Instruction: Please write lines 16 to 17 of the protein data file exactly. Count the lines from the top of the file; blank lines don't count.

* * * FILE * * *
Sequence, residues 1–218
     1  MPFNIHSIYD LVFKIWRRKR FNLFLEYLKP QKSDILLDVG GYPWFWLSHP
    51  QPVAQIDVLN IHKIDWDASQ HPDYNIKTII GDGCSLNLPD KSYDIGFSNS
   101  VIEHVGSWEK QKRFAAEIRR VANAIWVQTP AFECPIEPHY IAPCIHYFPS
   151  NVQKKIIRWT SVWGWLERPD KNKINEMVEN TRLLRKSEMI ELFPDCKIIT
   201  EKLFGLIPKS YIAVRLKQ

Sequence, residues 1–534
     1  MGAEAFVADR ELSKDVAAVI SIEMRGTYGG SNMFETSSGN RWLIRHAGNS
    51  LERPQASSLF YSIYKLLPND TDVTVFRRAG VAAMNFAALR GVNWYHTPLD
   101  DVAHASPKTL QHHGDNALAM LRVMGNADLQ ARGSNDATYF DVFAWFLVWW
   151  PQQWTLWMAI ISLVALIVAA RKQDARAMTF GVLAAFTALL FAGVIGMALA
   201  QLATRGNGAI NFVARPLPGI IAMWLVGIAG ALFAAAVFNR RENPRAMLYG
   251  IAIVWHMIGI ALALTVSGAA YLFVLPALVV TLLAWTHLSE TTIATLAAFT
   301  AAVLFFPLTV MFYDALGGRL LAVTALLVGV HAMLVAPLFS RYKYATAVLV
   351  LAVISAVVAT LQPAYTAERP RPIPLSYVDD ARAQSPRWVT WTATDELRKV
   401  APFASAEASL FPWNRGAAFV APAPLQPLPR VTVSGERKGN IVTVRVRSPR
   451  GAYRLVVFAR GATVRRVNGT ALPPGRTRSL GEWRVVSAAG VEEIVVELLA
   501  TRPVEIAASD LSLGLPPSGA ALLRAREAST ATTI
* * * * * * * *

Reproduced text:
   401  APFASAEASL FPWNRGAAFV APAPLQPLPR VTVSGERKGN IVTVRVRSPR
   451  GAYRLVVFAR GATVRRVNGT ALPPGRTRSL GEWRVVSAAG VEEIVVELLA